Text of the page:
Lance Corporal Reginald Adlard
Died: 14th May 1920 aged 26
Reginald Adlard was born in 1894 to Frederick and Catherine Adlard and was the eldest of their four children. His birth is registered in the district of Warrington where his father was born. Catherine hailed from Birmingham. We know that Reginald lived in Warrington until he was about 4 but by the time of the 1901 census, the family where living in Ashover in Derbyshire where his father is listed as a laundry manager and his mother as a laundress.
By the time of the 1911 census, the family had moved to Church Stretton. They lived at 24 Sandford Avenue and Reginald’s father, Frederick was a “Dealer. Hairdresser, Tobacconist, Toys and fancy goods.” They also took in boarders as they had 4 on the night of the 1911 census. Reginald is listed as “Apprentice to motoring” which presumably means that he was training to be a mechanic rather than work in his father’s shop. By 1936, the Adlards are listed as living at number 26. Today 24 Sandford Avenue is occupied by AB Optics and it is unclear if the road was renumbered or they moved next door. Reginald’s nephew tells that both Reginald and his brother Frederick were keen hockey players in the Church Stretton team. They were, apparently, very good goal scorers.
Reginald must have enlisted with the King’s Shropshire Light Infantry (KSLI) soon after war was declared as we know that he was on the troopship Braemar Castle when it left Southampton on the 8th September 1914. We also know that his younger brother Frederick enlisted on the 8th August 1914 with the Royal Horse Artillery.
The KSLI unloaded on the 11th September at St Nazaire then marched to Grand Marais before starting a 26 hour train journey to Mortcerf.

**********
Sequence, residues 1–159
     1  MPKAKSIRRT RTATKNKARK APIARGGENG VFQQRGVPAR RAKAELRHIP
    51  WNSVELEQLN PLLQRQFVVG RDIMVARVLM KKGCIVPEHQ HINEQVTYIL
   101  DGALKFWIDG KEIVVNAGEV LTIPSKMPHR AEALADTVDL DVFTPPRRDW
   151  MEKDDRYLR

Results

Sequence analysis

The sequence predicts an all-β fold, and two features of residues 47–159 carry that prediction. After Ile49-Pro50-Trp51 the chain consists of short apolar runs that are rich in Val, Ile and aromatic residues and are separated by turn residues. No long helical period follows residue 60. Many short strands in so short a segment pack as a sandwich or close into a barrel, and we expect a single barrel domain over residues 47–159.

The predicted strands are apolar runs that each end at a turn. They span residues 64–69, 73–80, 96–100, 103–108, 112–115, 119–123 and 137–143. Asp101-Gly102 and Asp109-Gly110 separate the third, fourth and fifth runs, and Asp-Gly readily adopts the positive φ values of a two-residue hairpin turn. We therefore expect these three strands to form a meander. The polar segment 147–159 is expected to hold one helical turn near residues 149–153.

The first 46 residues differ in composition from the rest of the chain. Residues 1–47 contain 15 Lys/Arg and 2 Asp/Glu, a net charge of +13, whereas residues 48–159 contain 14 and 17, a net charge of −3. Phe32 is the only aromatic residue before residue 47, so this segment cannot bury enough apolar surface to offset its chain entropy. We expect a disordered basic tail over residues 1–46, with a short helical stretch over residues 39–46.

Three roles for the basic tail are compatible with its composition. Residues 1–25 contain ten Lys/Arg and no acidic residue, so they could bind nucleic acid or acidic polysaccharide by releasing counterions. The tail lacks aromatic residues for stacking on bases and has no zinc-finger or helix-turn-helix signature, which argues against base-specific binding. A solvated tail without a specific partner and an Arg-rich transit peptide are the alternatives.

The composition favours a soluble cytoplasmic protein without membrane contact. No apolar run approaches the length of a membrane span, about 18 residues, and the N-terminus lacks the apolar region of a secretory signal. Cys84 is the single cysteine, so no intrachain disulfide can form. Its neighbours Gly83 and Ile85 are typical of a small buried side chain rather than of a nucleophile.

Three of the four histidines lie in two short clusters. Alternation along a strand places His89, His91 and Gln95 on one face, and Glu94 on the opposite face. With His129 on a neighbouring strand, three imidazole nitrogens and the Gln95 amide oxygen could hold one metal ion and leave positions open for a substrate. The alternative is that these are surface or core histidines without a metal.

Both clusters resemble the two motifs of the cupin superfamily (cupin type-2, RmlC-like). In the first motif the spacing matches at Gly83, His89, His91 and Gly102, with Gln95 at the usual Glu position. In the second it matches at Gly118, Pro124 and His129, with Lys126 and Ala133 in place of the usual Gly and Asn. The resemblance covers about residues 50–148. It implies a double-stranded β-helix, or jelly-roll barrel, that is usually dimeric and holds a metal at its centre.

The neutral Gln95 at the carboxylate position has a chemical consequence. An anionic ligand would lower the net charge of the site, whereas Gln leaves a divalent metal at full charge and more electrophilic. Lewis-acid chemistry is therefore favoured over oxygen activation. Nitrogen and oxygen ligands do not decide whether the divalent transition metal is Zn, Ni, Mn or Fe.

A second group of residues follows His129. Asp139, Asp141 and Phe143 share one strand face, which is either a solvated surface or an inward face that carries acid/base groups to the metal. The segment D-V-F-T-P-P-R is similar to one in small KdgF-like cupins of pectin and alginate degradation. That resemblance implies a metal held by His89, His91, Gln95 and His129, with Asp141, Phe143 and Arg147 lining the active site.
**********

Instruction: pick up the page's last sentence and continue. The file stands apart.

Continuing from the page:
We learn that Reginald was injured about the 28th October 1915 at the front at Morteldje where the 1st Battalion of the KSLI had been since early on in the war. It is not known if this was the end of his military life or if he returned to the front-line.
Reginald received the 1914 Star medal for action in France or Belgium between August and November 1914 ( The Battle of Ypres). He also received a clasp, one of 145,000 awarded to “those who served under fire or who had operated within range of enemy mobile artillery”.
Reginald seems to have returned to his previous occupation of mechanic as that is his occupation listed on his probate record.
He died in hospital in Shrewsbury 14th May 1920 and he is buried in a war grave in Cunnery Rd cemetery. Despite the fact that he died 18 months after the Armistice, L. Corporal Adlard is buried in a war grave so his death was directly attributed to his war injuries. His death certificate states that he died of tubercular meningitis and so we can assume that he must have caught TB while in the trenches. He is the last person to die to be recorded on the War Memorial. A page from the Medal Roll shows that Lt. Corporal Adlard was awarded the Victory medal on 9th July 1920 two months after his death.
Reginald was not the only member of his family to go to the front line. His brother Frederick also served in WW1 and his service record shows that he suffered a gunshot wound to his left arm. He returned home after the war but was “badly beaten up” by his experiences which he never spoke of. Their younger brother Henry Martin Adlard was just 4 years old at the start of WW1 but fought in WW2. He was a driver in the Royal Engineers and died in India in 1944 and is buried in a war cemetery there.
Reginald’s family remained in Church Stretton until the 1960’s. They then moved to Shrewsbury where there was still an Adlards tobacconist until January, 2021 when it finally closed its doors for good during the Coronovirus pandemic.
English census records
Thanks especially to the Adlard family.